“We came to Vegas with our dress blues, not tourniquets or our emergency field kits,” Alexander said. “Had the other Marines not been there, there’s no way I could have acquired the things needed to treat him. I would have tried my best, but there’s not a whole lot I could have done once I got in the vehicle had they not continued to provide whatever resources they could find.”

After about an hour, park rangers arrived, followed by a nurse who took over treatment for the driver. The nurse found that the driver also had a punctured lung which was causing his shortness in breath. After about two hours, a helicopter arrived to take the driver, but it couldn’t find a place to land. Luckily, an ambulance came by, at about the same time and Alexander moved the driver into it so he could get to a hospital.

A former infantry officer, Alexander had been trained for this sort of situation. But in the end, he said no amount of training can fully prepare you for the real thing.

“I think reacting to something like that, you either do or you don’t,” said Alexander. “There’s no Marines Hymn playing in the background as you run across the road; you just do something.”

Alexander himself suffered a traumatic brain injury which could have killed him just four months prior to the car accident. He never expected he would wind up treating a driver suffering the same injuries, he said in the release. Though he never found out what happened to the driver, the quick actions of Alexander and the other Marines deserve praise.

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There are many of these kind of stories I will be sharing in the future. But, my next post will be all about my new book, Signs of Hope for the Military: In an Out of the Trenches of Life.”

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How are you doing my friend? The rush of Christmas and the pandemic that doesn’t allows us to see family, and it can pull us down like a huge magnate.

Hope everything is going great for you, but if it isn’t, remember over 10,370 fellow veterans follow this site, and they all have your back.

However, if it is getting too overwhelming, GET HELP!

Here is a toll free number to call 24/7. They have highly qualified counselors there to help you. They will not hang up until they know you are OK.

Don’t take on anything alone in this not so friendly world.

1-800-273-8255 Option # 1

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Remember:

You are never alone.

You are never forsaken.

You are never unloved.

And above all…never, ever, give up!

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+If you like what you see, please subscribe at the top of this page where it says, “subscribe.” When you do, all future posts will come directly to your inbox. Also, if you know some else who could benefit for the site, please let them know about it.

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The Great Generation Gave Their All so we Could Have Freedoms

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One thing we need tor remember is the sacrifice that our brothers and sisters had during WWII.

Here are two stories that are tragic, and we should be so thankful for their sacrifices.

  1. The Tester Brothers, New Victory, Tennessee.

What the Tester family enjoyed more than anything else was making music. On the front porch of their two story clapboard home- what became to be known as “the Old Home Place.” – Millard and Eliza Tester, along with their seven boys an two girls, would assemble a variety of fiddlers, banjos, and other instruments and play the music they learned growing up in the hills and valleys of Northeast Tennessee.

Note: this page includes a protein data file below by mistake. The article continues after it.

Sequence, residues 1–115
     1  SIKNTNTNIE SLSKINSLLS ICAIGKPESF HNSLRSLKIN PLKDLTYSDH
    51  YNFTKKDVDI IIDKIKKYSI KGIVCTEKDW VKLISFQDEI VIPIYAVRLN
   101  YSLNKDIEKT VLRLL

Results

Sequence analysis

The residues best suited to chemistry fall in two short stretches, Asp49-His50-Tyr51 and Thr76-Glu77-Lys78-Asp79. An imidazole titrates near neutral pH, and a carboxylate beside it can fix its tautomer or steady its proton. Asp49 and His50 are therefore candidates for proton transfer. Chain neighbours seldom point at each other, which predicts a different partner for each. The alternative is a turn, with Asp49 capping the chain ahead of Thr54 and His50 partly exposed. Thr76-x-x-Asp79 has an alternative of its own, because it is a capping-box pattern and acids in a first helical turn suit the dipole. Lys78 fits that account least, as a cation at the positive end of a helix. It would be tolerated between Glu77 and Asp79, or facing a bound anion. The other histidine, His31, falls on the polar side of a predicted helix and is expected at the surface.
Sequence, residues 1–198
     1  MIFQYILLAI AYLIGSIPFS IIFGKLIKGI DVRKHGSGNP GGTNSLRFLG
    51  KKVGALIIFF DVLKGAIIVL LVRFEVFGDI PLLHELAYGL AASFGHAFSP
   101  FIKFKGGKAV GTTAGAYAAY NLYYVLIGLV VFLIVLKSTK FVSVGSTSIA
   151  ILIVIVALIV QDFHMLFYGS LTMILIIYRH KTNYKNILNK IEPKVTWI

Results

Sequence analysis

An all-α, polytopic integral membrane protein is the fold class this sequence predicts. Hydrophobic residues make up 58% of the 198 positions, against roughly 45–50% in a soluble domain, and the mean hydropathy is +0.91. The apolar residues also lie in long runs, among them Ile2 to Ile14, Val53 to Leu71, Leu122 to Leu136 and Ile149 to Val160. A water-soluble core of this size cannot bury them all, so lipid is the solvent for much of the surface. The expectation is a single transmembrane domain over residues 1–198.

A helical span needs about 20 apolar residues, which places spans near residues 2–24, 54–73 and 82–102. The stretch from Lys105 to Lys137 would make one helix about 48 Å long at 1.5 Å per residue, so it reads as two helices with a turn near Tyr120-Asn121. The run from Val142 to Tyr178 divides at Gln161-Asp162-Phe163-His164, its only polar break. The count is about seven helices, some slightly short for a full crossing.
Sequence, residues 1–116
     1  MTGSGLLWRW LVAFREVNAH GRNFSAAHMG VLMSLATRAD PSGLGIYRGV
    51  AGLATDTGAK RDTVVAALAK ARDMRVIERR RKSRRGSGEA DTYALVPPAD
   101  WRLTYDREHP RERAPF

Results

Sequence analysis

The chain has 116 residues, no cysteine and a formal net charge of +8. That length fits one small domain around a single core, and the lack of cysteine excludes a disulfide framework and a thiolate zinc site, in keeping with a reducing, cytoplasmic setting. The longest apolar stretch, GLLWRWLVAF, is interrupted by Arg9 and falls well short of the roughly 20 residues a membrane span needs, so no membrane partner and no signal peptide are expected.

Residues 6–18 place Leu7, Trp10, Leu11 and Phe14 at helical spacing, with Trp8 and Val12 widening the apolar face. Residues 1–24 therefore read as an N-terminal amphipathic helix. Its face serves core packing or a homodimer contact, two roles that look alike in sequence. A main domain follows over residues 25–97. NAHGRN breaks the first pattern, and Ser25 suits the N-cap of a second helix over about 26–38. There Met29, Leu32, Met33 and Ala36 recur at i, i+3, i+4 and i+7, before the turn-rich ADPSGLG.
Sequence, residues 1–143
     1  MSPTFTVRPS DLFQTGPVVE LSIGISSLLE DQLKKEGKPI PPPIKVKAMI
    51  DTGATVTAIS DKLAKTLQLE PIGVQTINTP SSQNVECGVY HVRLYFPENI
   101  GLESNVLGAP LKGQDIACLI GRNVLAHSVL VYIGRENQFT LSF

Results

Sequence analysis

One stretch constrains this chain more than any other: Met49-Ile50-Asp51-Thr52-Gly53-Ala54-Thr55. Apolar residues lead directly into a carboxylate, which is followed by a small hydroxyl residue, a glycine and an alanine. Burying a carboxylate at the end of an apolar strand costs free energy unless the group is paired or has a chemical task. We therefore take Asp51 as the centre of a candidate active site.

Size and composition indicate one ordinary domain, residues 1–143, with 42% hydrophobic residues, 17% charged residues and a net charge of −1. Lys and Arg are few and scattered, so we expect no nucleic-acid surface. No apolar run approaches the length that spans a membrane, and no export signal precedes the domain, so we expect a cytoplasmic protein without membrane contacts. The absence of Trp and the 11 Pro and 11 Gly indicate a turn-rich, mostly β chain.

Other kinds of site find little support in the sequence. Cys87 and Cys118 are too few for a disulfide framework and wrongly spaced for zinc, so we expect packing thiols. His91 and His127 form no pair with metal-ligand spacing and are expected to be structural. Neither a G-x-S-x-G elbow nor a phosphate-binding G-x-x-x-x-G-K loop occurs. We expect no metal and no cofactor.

In December of 1943, a note arrived at the Old Home Place, informing the family that a telegram awaited them at the post office in near by Telford. It was Carroll Tester, the youngest of the siblings, and the only one still living at home, that had to go and get the telegram.

She brought the telegram to her mother who had just lost her husband to cancer the year before.

Three times Carroll made the trip to get telegrams, bringing back the sad news that another one of her older brothers had been killed in the war.

The last telegram arrived in January of 1945, and that was the day that music died. Carroll remembered the instruments in the closet that were the banjos, fiddles, and guitars were. They were never strummed again or played again. The memories were too painful of a time and a group of great brothers gone by.

2. The Preddy Brothers, Greensboro, NC.

“Are you sure the skinny kid can fly?” asked Col. John. C. Meyer when he saw the new pilot who had just arrived to join his 32nd Fighter Group in England. The skinny little kid was George E. Preddy, from Greensboro, N.C., and he certainly could fly. George went on to become one of the top P-15 fighter aces of WWII.

George’s younger brother, Bill, also became a decorated P-51 pilot, and both were killed by ground fire. George by friendly fire during the Battle of the Bulge, and Bill while strafing and enemy airfield in Czechoslovakia. in April 1945.

The greatest generation gave their all. They fought. They died, but because of them we are a free nation. NEVER FORGET!!

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I am very proud to say I am a veteran. I am sure you are too. We should never be ashamed of our service, no matter when we did it. You didn’t have to earn medals to be a hero. You were a hero the moment you took the oath.

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What’s up? How are you doing? The holiday rush is in full swing right now. It is hard to keep up with the rat race. All of this hustle and bustle can cause anyone to feel drug down like a magnate.

If you are feeling this way. Not to worry my friend. There are over 10,350 fellow veterans here who have you back.

If it is too much for you right now, GET HELP!

Here is a toll free number to call 24/7. There are highly qualified counselors there to help you. They will never hang up on you until they know you are OK.

Do not take on this unfriendly world alone!!

1-800-273-8255 Option # 1

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Remember:

You are never alone.

You are never forsaken.

You are never unloved.

And above all…never, ever, give up!

________________________________________

+If you like what you see, please subscribe at the top of this page where it says, “subscribe.” When you do, all future posts will come directly to your inbox. Also, if you know some else who could benefit for the site, please let them know about it.